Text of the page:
Rituals of submission appeal to dominators. Their religions use warship to define lines in the sand across which outsiders dare not tread. "By the year 200, the battle lines had been drawn," writes Elaine Pagels, "both orthodox and Gnostic Christians claimed to represent the true church and accused one another of being outsiders, false brethren, and hypocrites…each group attempted to define the church in ways that excluded the other…Gnostics defined the church precisely in terms of the quality of the interrelationships among its members…exploring the psyche became explicitly what it is for many people today implicitly - a religious quest. Some who seek their own interior direction, like the radical Gnostics, reject religious institutions as a hindrance to their progress…the Gnostic becomes a 'disciple of his [own] mind'…He learns what he needs to know by himself in meditative silence. Consequently he considers himself equal to everyone, maintaining his own independence of anyone else's authority…Whoever follows the direction of his own mind need not accept anyone else's advice…many Gnostics, like many artists, search for interior self-knowledge as the key to understanding universal truths…whoever explores human experience simultaneously discovers divine reality…Convinced that the only answers were to be found within, the Gnostics engaged in an intensely private interior journey."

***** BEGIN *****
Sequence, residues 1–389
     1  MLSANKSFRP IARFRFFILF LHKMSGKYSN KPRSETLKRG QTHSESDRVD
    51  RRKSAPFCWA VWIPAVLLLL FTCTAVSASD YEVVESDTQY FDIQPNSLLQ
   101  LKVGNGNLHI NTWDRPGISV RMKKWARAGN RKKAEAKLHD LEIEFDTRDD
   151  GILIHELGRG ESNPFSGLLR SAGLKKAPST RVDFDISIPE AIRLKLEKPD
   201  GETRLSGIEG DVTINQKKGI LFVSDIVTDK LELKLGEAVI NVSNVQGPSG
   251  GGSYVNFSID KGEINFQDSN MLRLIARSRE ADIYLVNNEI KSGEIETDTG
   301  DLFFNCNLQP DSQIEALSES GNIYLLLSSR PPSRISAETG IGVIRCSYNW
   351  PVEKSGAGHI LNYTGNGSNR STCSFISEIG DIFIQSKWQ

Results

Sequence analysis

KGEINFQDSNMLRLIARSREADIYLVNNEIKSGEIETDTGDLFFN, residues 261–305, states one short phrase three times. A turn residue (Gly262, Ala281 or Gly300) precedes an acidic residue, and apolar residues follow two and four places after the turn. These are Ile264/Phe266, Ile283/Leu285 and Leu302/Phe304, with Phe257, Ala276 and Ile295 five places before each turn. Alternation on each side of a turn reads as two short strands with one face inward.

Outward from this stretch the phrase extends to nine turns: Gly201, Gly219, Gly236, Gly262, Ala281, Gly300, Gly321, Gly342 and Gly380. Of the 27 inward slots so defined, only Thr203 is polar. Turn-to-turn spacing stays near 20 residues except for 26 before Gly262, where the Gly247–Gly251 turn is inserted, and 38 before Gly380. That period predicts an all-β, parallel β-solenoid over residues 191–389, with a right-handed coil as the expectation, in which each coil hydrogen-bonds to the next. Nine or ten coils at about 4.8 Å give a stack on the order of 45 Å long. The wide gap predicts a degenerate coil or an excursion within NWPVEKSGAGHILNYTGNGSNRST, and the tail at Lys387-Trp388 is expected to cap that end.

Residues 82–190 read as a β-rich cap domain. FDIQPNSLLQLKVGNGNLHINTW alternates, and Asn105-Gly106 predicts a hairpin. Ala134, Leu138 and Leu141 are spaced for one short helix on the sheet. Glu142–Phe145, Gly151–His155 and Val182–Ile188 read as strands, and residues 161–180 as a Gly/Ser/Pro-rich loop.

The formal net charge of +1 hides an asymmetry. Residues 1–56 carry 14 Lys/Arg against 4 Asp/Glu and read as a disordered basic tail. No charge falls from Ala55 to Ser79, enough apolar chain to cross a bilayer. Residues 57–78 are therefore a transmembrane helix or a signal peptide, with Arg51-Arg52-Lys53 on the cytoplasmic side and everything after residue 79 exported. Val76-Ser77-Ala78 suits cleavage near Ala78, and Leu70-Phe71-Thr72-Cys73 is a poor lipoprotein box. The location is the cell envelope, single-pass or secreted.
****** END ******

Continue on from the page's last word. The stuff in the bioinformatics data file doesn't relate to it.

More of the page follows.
- Elaine Pagels, Gnostic Gospels
Blessed are the solitary and the chosen, for you will find the Kingdom. For you are from it, and to it you will return. - Jesus (Thomas:49)
Jimi Hendrix typified the Gnostic personality. Hendrix sensed that neither worship nor warship is required by the Creator.